Robert Coover’s short story “The Babysitter” is a fragmented set of stories about the same set of characters that plays out in pieces where each story line and outcome, as there are several, are equally as likely to have happened. The story is meant to be read from page one to the end, and it follows a set timeline of a few hours over the course of one evening, but the text is broken up into chunks and separated with characters that signify a break in the story line. Perspectives shift, character focus shifts, but the timeline of 7:40 to 10:00 pm remains constant. The reader progresses through the evening, visiting each of the main characters in several different “alternate realities.” The reader does not know which narrative is the “actual” and which are “alternates,” or perhaps none are real and all are just possibilities.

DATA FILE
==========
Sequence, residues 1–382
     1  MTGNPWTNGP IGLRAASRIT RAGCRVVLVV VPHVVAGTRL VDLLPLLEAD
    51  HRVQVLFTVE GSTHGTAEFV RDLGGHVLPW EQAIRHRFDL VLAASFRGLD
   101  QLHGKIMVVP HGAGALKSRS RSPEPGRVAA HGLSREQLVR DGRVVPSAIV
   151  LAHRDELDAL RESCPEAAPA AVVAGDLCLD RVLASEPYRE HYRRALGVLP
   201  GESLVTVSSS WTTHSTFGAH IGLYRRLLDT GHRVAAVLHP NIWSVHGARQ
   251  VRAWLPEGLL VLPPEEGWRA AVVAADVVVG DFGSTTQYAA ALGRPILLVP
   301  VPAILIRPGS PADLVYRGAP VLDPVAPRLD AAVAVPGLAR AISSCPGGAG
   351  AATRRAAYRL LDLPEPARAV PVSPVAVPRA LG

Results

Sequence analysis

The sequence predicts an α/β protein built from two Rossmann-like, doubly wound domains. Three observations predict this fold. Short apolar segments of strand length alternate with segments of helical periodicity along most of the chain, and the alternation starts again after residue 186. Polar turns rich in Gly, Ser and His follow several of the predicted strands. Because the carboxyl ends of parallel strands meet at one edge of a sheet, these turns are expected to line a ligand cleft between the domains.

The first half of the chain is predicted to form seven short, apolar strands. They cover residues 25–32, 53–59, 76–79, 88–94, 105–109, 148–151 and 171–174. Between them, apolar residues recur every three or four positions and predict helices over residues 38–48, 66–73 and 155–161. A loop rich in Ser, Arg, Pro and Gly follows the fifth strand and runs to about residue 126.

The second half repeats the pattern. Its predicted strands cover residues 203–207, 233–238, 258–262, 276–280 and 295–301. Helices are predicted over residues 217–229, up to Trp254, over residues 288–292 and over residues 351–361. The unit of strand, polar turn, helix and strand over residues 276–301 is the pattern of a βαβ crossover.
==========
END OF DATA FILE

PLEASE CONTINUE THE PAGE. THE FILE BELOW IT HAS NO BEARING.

“The Babysitter” was published in 1969, and while it wasn’t the first work intended to be read in a multi-linear manner, it had a heavy influence on writers who came later, especially those creating hypertext stories that explored the same story from multiple points of view. The structure of “The Babysitter” is like a branching tree, each possibility stemming from the same set of events. This type of branching text creates a very meta experience for the reader, who is aware of how the stories keep changing, and how this one piece of writing is really multiple pieces. Rettberg calls this type of text “reflexive” and ties it to works that came later that also explore fragmentation as a structure that helps to guide, or disrupt, the reader’s experience.